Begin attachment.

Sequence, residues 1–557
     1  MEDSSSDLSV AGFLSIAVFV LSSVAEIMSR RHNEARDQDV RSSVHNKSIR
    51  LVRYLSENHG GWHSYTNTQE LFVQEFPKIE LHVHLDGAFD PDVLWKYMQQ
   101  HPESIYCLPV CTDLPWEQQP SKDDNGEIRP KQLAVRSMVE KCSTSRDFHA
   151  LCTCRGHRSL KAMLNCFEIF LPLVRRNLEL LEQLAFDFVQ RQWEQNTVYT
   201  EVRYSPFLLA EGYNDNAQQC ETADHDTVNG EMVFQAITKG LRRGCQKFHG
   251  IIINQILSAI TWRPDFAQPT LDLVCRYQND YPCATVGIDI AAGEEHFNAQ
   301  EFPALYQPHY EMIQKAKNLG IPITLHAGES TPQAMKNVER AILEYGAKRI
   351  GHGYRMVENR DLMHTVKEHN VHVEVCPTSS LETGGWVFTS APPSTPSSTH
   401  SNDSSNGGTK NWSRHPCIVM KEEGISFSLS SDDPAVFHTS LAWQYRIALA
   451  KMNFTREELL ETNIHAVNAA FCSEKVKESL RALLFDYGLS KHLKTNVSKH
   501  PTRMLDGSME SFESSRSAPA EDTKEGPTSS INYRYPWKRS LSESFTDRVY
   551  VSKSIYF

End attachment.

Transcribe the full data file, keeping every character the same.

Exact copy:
Sequence, residues 1–557
     1  MEDSSSDLSV AGFLSIAVFV LSSVAEIMSR RHNEARDQDV RSSVHNKSIR
    51  LVRYLSENHG GWHSYTNTQE LFVQEFPKIE LHVHLDGAFD PDVLWKYMQQ
   101  HPESIYCLPV CTDLPWEQQP SKDDNGEIRP KQLAVRSMVE KCSTSRDFHA
   151  LCTCRGHRSL KAMLNCFEIF LPLVRRNLEL LEQLAFDFVQ RQWEQNTVYT
   201  EVRYSPFLLA EGYNDNAQQC ETADHDTVNG EMVFQAITKG LRRGCQKFHG
   251  IIINQILSAI TWRPDFAQPT LDLVCRYQND YPCATVGIDI AAGEEHFNAQ
   301  EFPALYQPHY EMIQKAKNLG IPITLHAGES TPQAMKNVER AILEYGAKRI
   351  GHGYRMVENR DLMHTVKEHN VHVEVCPTSS LETGGWVFTS APPSTPSSTH
   401  SNDSSNGGTK NWSRHPCIVM KEEGISFSLS SDDPAVFHTS LAWQYRIALA
   451  KMNFTREELL ETNIHAVNAA FCSEKVKESL RALLFDYGLS KHLKTNVSKH
   501  PTRMLDGSME SFESSRSAPA EDTKEGPTSS INYRYPWKRS LSESFTDRVY
   551  VSKSIYF